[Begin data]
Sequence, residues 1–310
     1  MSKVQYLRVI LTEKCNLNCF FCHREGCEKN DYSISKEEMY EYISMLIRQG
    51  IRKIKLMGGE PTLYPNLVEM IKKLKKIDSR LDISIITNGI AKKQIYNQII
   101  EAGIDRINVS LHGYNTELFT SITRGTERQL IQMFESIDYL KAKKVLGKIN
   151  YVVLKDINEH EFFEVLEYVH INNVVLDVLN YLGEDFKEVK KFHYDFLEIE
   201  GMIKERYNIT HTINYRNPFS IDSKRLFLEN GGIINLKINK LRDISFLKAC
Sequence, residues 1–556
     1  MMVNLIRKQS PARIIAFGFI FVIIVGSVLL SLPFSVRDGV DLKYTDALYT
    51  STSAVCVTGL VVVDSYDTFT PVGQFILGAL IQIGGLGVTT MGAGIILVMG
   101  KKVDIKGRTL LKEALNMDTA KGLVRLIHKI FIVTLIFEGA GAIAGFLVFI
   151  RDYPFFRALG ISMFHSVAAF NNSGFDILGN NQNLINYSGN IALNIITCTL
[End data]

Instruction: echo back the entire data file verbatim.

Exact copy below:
Sequence, residues 1–310
     1  MSKVQYLRVI LTEKCNLNCF FCHREGCEKN DYSISKEEMY EYISMLIRQG
    51  IRKIKLMGGE PTLYPNLVEM IKKLKKIDSR LDISIITNGI AKKQIYNQII
   101  EAGIDRINVS LHGYNTELFT SITRGTERQL IQMFESIDYL KAKKVLGKIN
   151  YVVLKDINEH EFFEVLEYVH INNVVLDVLN YLGEDFKEVK KFHYDFLEIE
   201  GMIKERYNIT HTINYRNPFS IDSKRLFLEN GGIINLKINK LRDISFLKAC
Sequence, residues 1–556
     1  MMVNLIRKQS PARIIAFGFI FVIIVGSVLL SLPFSVRDGV DLKYTDALYT
    51  STSAVCVTGL VVVDSYDTFT PVGQFILGAL IQIGGLGVTT MGAGIILVMG
   101  KKVDIKGRTL LKEALNMDTA KGLVRLIHKI FIVTLIFEGA GAIAGFLVFI
   151  RDYPFFRALG ISMFHSVAAF NNSGFDILGN NQNLINYSGN IALNIITCTL